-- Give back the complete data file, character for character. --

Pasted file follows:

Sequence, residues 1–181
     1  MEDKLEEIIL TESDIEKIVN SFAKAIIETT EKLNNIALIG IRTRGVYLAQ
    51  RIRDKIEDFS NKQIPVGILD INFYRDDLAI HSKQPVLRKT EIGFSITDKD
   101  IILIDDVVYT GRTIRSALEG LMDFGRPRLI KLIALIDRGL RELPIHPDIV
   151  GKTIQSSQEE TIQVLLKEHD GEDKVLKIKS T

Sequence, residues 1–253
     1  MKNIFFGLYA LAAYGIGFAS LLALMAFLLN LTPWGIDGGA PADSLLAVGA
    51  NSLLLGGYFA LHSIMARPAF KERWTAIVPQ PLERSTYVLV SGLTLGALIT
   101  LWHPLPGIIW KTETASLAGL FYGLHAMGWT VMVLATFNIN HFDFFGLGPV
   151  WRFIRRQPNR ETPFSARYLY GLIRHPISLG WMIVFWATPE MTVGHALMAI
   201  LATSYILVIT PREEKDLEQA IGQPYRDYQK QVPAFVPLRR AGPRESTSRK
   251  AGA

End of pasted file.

Sequence, residues 1–181
     1  MEDKLEEIIL TESDIEKIVN SFAKAIIETT EKLNNIALIG IRTRGVYLAQ
    51  RIRDKIEDFS NKQIPVGILD INFYRDDLAI HSKQPVLRKT EIGFSITDKD
   101  IILIDDVVYT GRTIRSALEG LMDFGRPRLI KLIALIDRGL RELPIHPDIV
   151  GKTIQSSQEE TIQVLLKEHD GEDKVLKIKS T

Sequence, residues 1–253
     1  MKNIFFGLYA LAAYGIGFAS LLALMAFLLN LTPWGIDGGA PADSLLAVGA
    51  NSLLLGGYFA LHSIMARPAF KERWTAIVPQ PLERSTYVLV SGLTLGALIT
   101  LWHPLPGIIW KTETASLAGL FYGLHAMGWT VMVLATFNIN HFDFFGLGPV
   151  WRFIRRQPNR ETPFSARYLY GLIRHPISLG WMIVFWATPE MTVGHALMAI
   201  LATSYILVIT PREEKDLEQA IGQPYRDYQK QVPAFVPLRR AGPRESTSRK
   251  AGA